As we flip the calendar to November, many of the teleconnections are pointing to warmth in the eastern US and cooler conditions in the west. Lower than average heights over the North Pole are indicative of a +AO, with lower heights over Greenland and the adjacent N. Atlantic associated with a fast flow south of Greenland and Iceland, associated with a +NAO, with high heights over the Aleutian Islands and lower heights near the US West Coast, associated with a –PNA. The lower heights over western Canada into Alaska can also qualify as a +EPO. All of these teleconnection signs point to a trough over the western US and a ridge over the eastern US over the next several days, with the European ensembles showing this by midweek:
This would result in active weather continuing in the west, where they desperately need the rain, with warm and mainly dry weather over the east. The European and GFS ensembles are in good agreement in ejecting the trough out of the west and providing for a brief cool down in the Midwest, Great Lakes and Northeast to end the work-week and into next weekend, however, the PNA stays negative and the AO/NAO stay largely positive, suggesting this cool down will be transient and not particularly intense:
The European ensembles do indeed build the western US trough and eastern US ridge back into place by the time we start NEXT work-week (the week of November 9th):
It appears that for those excited for winter in the east that they’ll have to wait until later in November for any hope. The GFS ensembles are in agreement, keeping all three main teleconnections unfavorable until at least mid-November, with very few members deviating from this. Yes, the NAO and AO start trending down towards mid-month, but this isn’t a strong enough signal (on its own) to forecast a cold second half of November:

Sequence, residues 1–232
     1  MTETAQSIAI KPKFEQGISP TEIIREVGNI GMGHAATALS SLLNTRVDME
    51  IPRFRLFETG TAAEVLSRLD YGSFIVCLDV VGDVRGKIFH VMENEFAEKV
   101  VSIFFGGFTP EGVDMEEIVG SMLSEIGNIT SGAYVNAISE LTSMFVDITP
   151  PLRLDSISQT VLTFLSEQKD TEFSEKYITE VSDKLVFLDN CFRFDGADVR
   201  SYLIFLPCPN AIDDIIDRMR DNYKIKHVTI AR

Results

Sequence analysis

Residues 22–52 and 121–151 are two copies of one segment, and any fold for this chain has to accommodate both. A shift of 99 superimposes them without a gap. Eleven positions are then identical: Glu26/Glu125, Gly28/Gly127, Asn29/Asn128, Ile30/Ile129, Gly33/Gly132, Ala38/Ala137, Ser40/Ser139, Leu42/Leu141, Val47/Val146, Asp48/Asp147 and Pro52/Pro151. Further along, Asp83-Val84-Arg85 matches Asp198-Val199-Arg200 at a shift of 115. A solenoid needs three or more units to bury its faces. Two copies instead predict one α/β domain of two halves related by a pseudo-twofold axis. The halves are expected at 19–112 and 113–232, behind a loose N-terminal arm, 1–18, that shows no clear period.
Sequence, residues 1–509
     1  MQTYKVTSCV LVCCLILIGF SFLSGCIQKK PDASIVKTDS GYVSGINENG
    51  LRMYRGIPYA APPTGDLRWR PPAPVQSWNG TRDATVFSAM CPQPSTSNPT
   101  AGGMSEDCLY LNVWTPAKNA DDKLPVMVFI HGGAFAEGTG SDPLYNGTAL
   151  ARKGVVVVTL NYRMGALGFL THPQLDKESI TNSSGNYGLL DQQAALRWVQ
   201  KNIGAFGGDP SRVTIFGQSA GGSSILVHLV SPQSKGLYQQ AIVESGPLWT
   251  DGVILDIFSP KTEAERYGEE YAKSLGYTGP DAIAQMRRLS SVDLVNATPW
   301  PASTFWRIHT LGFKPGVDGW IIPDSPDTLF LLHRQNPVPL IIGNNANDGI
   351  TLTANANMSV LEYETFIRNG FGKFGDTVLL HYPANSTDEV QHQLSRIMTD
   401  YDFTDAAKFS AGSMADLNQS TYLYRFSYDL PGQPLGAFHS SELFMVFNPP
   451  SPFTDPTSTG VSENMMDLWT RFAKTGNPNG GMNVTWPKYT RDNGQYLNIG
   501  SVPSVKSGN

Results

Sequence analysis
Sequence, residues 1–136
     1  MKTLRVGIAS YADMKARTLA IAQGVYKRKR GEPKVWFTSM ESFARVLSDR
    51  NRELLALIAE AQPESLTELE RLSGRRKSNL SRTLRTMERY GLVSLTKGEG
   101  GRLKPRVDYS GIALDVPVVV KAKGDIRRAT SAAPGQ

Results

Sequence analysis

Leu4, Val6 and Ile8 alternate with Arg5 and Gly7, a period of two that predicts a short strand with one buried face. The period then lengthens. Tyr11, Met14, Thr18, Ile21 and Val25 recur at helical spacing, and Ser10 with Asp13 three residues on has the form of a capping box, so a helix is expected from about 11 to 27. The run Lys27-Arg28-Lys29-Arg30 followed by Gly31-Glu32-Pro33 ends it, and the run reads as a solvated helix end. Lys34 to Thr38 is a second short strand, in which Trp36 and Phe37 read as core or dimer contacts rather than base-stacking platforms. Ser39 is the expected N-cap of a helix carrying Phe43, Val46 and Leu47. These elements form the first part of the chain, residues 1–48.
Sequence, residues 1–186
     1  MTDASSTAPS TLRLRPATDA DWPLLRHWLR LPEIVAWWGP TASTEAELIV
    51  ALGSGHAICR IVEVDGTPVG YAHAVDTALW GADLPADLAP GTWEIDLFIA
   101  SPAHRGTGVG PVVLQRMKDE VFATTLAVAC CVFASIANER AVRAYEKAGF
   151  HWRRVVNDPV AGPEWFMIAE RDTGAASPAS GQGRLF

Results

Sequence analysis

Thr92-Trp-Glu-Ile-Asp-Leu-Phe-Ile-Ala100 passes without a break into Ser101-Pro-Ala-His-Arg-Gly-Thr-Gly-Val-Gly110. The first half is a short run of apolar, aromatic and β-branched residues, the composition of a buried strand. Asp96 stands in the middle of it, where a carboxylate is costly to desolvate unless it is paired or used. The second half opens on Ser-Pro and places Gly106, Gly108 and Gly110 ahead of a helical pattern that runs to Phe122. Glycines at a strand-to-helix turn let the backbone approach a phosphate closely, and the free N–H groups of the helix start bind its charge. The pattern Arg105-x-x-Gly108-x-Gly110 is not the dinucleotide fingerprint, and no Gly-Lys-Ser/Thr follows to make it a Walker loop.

This November warmth may come as a surprise to many, as believe it or not, most strong El Nino events since 1950 have featured a cold November in the central and eastern US:
This begs the question, why is this discrepancy occurring this November, and how long will it continue? The likely explanation for this departure from a “normal” El Nino pattern for at least the first half of November likely has to do with MJO activity in the Indian Ocean:
After the bulk of the last 90 days featuring no MJO activity, which is quite typical in stronger El Nino events, as tropical forcing is dominated by consistent convection over the central and eastern Tropical Pacific in strong El Ninos with subsidence and limited convection elsewhere, the last week or so has featured an MJO “flare-up” in the western Indian Ocean. MJO activity here is actually more typical in La Nina events, when the waters in the central and eastern tropical Pacific are cooler than normal, so it’s not a surprise that MJO activity typically associated with a La Nina (the opposite of El Nino) forces quite a different North American weather pattern than what we’d expect with an El Nino.
You can visualize the difference in convective forcing over the last week by examining outgoing longwave radiation (OLR) plots; lower OLR is associated with more clouds and precipitation (in the tropics, this usually means thunderstorms that can affect tropical forcing), while higher OLR is associated with fewer clouds and precipitation: